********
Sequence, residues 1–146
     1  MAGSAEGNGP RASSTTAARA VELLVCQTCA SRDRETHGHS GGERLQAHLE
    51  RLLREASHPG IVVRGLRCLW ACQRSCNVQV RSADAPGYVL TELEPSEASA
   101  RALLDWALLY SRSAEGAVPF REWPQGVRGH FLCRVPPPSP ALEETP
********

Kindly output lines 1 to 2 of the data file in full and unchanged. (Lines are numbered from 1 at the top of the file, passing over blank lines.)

Sequence, residues 1–146
     1  MAGSAEGNGP RASSTTAARA VELLVCQTCA SRDRETHGHS GGERLQAHLE